Don’t Get Lost in Translation

By Bryan DiGiorgio

Over the years I’ve consistently been asked, “What’s the most important element for a successful call center operation?”  To me, it’s communication – crisp, clear communication between agents and customers, sites and vendors (or suppliers), and vendors and clients. You might have the latest technology, the sharpest agents, and the best product, but if communication fails, it can all collapse like a bus that’s lost its wheels.

The problem becomes magnified in an environment with multiple sites and vendors, where each might use different terms and definitions, count different measures, or focus on different goals. Consequently, whether client or supplier, we find ourselves in multiple silos with no clear way to determine operational success. Does that sound familiar?

Fortunately, with some effort on both sides there are ways to bring together multiple vendors and sites in a cohesive way to meet business goals. This can be accomplished by focusing on five areas:

  • Embrace and enforce consistency
  • Set clear priorities and expectations
  • Invest in a quality process
  • Establish appropriate oversight and management
  • Inspect what you expect

Embrace and enforce consistency: A common issue in a multi-vendor environment is our tendency to use different calculations and definitions for the same term. For example, to me “average handle time” (AHT) means the total time the agent spends handling a customer interaction, including “talk time,” “on-hold time,” and “wrap time.”  However, for some AHT may not include “on-hold time,” while others omit “wrap time.” Therefore, determining a true AHT across multiple centers can quickly become difficult.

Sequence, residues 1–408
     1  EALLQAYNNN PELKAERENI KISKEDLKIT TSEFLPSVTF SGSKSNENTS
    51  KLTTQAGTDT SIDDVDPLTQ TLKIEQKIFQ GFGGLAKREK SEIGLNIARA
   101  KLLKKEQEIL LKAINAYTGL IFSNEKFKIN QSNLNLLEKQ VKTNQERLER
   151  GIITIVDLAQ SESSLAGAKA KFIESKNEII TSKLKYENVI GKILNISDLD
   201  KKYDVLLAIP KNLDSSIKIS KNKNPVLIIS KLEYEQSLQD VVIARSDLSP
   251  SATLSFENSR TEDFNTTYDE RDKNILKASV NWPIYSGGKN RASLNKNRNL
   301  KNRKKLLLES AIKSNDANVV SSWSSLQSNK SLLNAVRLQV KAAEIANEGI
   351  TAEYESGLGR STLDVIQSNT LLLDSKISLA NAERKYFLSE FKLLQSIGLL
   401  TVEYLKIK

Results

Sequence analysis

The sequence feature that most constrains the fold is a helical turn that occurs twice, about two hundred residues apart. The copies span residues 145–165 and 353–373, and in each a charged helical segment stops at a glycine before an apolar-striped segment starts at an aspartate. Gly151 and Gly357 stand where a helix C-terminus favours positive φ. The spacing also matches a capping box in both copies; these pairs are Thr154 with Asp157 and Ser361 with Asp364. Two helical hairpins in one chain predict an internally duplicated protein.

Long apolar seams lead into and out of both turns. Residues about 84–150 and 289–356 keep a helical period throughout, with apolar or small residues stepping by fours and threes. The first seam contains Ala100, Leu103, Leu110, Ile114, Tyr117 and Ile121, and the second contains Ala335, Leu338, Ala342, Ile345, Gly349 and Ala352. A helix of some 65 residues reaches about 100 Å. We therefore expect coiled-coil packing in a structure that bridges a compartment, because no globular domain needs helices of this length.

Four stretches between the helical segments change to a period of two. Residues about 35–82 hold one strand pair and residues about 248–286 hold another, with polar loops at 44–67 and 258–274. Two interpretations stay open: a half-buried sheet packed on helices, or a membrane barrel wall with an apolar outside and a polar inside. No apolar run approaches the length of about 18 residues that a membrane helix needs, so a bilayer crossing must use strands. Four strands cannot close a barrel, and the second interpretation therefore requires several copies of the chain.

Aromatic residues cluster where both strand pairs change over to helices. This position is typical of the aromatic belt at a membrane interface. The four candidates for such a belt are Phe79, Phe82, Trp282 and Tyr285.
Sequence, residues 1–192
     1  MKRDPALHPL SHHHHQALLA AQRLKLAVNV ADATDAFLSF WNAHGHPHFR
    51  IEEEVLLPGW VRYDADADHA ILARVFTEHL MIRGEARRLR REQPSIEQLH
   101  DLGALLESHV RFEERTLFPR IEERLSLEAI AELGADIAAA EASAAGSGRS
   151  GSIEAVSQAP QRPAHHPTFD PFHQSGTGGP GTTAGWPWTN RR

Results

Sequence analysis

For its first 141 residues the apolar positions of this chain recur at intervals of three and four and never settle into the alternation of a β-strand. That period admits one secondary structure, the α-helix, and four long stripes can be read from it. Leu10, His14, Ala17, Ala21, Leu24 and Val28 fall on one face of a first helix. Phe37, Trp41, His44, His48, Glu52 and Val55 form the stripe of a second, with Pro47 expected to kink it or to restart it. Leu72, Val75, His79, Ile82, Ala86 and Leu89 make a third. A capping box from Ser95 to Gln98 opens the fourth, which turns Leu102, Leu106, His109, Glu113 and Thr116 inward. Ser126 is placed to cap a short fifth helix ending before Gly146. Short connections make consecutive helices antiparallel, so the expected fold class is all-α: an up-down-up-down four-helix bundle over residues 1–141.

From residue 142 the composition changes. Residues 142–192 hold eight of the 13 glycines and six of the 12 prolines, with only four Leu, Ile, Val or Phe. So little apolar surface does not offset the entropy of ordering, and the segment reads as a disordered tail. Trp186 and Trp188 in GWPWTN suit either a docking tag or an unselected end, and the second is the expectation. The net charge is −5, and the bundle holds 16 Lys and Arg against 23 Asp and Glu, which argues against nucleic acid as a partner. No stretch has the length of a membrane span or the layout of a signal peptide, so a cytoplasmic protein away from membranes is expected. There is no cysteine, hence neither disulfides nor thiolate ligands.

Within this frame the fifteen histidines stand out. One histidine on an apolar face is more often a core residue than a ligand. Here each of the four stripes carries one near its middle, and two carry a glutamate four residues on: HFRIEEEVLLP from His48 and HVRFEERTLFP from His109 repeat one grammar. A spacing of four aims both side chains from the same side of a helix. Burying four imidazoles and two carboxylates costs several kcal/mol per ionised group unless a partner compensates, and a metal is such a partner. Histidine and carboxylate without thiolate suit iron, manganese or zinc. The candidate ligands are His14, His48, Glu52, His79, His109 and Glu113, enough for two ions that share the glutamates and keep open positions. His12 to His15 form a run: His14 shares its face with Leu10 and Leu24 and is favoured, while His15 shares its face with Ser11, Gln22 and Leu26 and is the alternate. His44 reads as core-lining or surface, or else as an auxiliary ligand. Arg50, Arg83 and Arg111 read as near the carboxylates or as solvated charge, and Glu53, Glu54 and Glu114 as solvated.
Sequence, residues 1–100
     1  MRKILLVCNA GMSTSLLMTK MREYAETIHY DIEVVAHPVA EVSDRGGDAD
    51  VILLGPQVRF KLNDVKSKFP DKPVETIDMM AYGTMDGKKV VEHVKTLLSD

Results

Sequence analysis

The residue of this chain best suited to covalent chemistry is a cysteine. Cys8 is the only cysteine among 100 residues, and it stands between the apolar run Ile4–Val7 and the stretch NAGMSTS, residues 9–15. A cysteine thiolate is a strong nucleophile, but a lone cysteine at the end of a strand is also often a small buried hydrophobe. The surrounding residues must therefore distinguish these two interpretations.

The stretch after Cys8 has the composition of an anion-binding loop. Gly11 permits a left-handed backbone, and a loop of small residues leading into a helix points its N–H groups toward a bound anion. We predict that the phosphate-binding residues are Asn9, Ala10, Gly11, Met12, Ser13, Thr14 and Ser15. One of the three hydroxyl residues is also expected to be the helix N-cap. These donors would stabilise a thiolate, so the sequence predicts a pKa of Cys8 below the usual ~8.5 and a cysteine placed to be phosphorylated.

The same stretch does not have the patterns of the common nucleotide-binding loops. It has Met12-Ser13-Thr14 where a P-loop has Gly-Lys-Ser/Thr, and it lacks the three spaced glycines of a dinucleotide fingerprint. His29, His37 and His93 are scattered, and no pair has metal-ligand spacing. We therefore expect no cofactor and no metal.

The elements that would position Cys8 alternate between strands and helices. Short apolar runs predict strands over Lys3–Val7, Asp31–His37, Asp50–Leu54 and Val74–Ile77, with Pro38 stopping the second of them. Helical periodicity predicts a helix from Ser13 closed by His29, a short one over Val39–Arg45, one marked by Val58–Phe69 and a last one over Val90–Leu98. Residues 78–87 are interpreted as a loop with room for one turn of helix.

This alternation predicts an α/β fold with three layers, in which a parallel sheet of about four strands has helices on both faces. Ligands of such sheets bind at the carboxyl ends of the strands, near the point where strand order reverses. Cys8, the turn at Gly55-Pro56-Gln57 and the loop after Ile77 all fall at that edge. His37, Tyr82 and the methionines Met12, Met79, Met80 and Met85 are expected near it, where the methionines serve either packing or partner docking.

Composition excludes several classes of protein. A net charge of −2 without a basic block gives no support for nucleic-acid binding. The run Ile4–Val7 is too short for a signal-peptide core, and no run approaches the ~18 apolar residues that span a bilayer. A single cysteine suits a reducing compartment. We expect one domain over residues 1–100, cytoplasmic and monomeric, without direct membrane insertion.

Avoid misunderstandings by following industry standards whenever possible. In cases where there is no industry standard, use what’s most typical. Vendors and clients need to commit to using the same nomenclature.

Another potential pitfall lies in the difference in supplier systems. Be aware of and factor in any existing individual center system differences when combining and aggregating data. If you don’t look at potential variations, you’ll never have accurate results.

Finally, ensure that the terms, definitions, and accompanying measures are explicit in any contracts, and be diligent about updating the contracts as things change.